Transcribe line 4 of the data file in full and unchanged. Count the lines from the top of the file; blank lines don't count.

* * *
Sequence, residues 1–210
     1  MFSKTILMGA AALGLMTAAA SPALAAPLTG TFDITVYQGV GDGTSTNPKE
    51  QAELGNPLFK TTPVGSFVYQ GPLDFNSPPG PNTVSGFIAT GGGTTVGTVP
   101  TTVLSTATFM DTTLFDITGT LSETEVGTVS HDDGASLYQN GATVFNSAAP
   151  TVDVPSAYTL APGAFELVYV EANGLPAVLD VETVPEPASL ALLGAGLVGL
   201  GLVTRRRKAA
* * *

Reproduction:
   101  TTVLSTATFM DTTLFDITGT LSETEVGTVS HDDGASLYQN GATVFNSAAP